Leaves of lead are reduced to ashes of a yellowish colour, if they are subjected to heat by puta for sixty times, alter having been smeared each time with manas-shila, gandhaka, karpura, and kunkuma, all combined being equal in quantity to the lead, rubbed with lime juice for three hours.
On an oven of slanting shape place a vessel which also is of slanting shape. All parts of the latter, except its mouth, are to be coated with mud. This apparatus is called the Bhrista-yantra.
Pour 20 palas of lead into this vessel, and heat it by a very strong fire. One tola of purified mercury is to be poured into the lead, when melted, the whole thing being rubbed by means of an iron rod. One pala of the kshara of each of the following is to be put, one by one, on the lead, and the rubbing is to be continued arjuna, vibhitaki, mango tree, pomegranate tree, and apamarga. The roasting is to be carried on in this way by a strong heat for 20 nights, resulting in the reduction of the lead into ashes of red colour or of a colour resembling that of a pigeon.
Lead is incinerated, if it is subjected to heat by puta for thirty two times, after having been smeared each time with a paste made of manas-shila, rubbed with the juice of tambula (betel leaves).
Powdered lead is reduced to ashes of red colour, if it is subjected to puta for hundred times, after having been rubbed with the juice of the root of kanya each time it is so heated. Such ashes may transform silver, copper, and tin into gold.
The inner surface of a pot is to be coated with a paste made of earthworms and leaves of vasaka. Into this vessel is to be placed some lead with one fourth its quantity of ksharas, prepared out of vasaka and apamarga plants (duly burnt, dissolved with water, filtered, and then dried). The vessel is then to be placed over fire and the lead with the ksharas to be turned constantly by a ladle made of the vasaka plant. This will result in the incineration of the lead, in course of three hours only. The ashes, thus prepared, are to be rubbed with the juice of vasaka leaves, and subjected to heat by puta. They will thus assume the colour of red vermilion.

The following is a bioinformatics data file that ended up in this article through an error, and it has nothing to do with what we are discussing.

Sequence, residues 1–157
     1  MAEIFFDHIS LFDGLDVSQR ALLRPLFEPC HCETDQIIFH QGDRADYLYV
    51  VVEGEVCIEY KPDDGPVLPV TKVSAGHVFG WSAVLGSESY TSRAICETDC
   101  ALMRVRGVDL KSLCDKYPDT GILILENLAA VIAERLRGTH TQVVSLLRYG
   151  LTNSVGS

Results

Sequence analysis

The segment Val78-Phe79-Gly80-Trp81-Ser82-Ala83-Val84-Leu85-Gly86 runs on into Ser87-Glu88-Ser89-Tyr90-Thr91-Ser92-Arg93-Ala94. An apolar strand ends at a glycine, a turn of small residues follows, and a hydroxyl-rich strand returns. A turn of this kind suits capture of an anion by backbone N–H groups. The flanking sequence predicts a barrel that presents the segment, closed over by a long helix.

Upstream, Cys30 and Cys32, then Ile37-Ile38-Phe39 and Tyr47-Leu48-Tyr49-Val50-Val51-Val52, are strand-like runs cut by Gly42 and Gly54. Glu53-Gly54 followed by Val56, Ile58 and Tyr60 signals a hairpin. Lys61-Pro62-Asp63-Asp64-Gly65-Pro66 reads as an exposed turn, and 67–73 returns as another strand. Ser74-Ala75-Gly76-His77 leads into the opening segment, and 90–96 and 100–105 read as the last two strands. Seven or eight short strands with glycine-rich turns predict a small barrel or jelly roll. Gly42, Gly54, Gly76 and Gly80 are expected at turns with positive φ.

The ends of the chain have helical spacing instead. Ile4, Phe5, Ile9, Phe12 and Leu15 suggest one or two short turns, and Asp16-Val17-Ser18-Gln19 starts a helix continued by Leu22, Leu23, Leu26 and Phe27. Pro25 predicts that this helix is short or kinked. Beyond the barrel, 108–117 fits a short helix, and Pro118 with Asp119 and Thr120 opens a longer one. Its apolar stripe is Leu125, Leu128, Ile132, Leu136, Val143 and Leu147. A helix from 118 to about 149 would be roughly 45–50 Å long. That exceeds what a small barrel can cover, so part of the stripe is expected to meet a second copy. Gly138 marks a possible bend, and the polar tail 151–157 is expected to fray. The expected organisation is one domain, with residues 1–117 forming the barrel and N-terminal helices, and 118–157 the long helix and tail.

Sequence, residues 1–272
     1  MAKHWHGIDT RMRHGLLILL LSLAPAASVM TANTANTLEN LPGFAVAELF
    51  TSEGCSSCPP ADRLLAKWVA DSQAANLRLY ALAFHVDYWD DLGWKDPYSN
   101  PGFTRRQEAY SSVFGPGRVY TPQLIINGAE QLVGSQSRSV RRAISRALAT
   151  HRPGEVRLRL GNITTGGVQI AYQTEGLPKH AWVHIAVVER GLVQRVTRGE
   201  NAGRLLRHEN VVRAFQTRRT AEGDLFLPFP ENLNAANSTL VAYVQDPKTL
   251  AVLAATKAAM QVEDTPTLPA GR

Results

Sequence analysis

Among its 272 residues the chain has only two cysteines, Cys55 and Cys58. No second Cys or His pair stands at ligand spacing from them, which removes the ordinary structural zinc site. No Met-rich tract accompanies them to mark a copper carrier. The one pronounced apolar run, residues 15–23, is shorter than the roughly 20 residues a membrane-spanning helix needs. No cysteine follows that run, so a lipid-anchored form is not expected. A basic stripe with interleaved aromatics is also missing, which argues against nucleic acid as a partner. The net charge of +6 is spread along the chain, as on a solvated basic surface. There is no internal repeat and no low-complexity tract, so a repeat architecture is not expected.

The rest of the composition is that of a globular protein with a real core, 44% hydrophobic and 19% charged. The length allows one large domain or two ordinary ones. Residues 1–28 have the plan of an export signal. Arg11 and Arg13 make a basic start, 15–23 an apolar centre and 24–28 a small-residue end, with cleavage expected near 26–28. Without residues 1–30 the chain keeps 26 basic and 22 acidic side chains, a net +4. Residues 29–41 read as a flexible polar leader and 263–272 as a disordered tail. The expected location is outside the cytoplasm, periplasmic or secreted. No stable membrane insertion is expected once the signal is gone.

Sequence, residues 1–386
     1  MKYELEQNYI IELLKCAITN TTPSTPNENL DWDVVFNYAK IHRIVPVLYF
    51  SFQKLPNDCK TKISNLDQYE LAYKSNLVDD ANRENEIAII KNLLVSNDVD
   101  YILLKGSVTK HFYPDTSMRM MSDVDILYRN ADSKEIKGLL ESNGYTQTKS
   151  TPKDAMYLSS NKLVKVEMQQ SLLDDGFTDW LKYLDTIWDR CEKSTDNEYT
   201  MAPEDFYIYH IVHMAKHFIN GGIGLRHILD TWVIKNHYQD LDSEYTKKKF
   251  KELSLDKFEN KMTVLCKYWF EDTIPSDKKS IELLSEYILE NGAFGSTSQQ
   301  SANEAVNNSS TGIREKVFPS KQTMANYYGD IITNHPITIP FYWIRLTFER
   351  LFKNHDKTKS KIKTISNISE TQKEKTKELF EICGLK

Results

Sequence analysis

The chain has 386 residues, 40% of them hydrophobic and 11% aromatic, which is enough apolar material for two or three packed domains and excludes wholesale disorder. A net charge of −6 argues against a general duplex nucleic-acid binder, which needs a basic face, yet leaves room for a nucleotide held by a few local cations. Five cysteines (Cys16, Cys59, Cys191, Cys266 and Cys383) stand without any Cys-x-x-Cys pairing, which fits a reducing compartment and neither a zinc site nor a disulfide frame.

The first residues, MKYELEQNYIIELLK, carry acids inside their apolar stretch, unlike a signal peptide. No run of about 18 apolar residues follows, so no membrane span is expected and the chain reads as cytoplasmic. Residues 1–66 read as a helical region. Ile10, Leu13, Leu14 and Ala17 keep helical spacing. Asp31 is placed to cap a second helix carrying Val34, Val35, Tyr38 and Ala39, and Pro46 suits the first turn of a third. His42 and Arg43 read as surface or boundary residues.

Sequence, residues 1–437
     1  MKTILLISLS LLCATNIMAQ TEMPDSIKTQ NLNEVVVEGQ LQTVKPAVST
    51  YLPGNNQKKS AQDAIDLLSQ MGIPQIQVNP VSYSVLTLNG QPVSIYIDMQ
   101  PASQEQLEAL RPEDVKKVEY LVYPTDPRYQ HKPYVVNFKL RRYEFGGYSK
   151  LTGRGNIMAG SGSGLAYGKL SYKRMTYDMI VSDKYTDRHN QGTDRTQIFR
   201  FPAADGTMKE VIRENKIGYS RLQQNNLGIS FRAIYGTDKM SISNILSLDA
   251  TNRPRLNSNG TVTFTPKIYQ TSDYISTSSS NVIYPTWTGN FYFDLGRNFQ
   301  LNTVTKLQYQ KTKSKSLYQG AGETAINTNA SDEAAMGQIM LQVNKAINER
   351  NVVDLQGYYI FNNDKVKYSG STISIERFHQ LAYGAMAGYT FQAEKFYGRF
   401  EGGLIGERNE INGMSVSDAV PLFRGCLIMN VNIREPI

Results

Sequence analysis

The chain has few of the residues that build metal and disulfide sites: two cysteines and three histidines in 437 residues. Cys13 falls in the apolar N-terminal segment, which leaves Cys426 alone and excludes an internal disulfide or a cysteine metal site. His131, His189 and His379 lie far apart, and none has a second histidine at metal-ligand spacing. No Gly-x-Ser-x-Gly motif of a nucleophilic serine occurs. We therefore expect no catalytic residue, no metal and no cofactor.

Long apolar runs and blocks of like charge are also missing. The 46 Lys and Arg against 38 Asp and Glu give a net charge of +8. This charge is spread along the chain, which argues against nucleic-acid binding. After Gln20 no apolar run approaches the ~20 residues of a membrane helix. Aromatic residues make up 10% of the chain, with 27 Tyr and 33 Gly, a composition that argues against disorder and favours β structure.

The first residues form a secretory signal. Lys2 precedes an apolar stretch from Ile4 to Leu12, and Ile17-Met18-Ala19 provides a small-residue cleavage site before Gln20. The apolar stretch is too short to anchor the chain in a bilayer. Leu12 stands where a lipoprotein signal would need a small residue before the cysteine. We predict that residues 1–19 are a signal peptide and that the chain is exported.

Lead is to be smeared with a paste made of the leaves of vasaka. It is then to be melted and roasted for three hours with a decoction of vasaka and apamarga or one fourth its quantity of a kshara (alkali) prepared out of the ashes of vasaka and apamarga, a branch of a strong vasaka tree being used as a ladle to turn the preparation. The ashes are then to be subjected to puta for seven times, after having been rubbed each time with the juice of vasaka. The product is sindura or red vermilion.
It gains in efficacy, if mixed with one fourth its quantity of hingula (duly purified).
Lead is to be dried after having been smeared with one fourth its quantity of vasaka leaves rubbed with earthworms. It is then to be melted and kept in a strong pot. Ksharas of vasaka and apamarga are to be rubbed with the leaves of vasaka and then heated for three hours by fire. These ksharas are to be mixed well with the lead (finely powdered). The powder, thus prepared, is to be subjected to heat by puta for 21 times, after having been mixed each time with manas-shila, svarnamakshika, and kshara of vasaka, these three combined being equal to the original quantity of the lead. The product is again to be subjected twice to heat by puta after having been rubbed each time with the juice of vasaka. The product is red vermilion.
Footnotes and references:
The process of preparation of ksharas will be described later in the present volume.
This concludes ‘Incineration of Lead’ included in Bhudeb Mookerjee’s Rasa Jala Nidhi, vol 3: Metals, Gems and other substances. The text includes treatments, recipes and remedies and is categorised as Rasa Shastra: an important branch of Ayurveda that specialises in medicinal/ herbal chemistry, alchemy and mineralogy, for the purpose of prolonging and preserving life.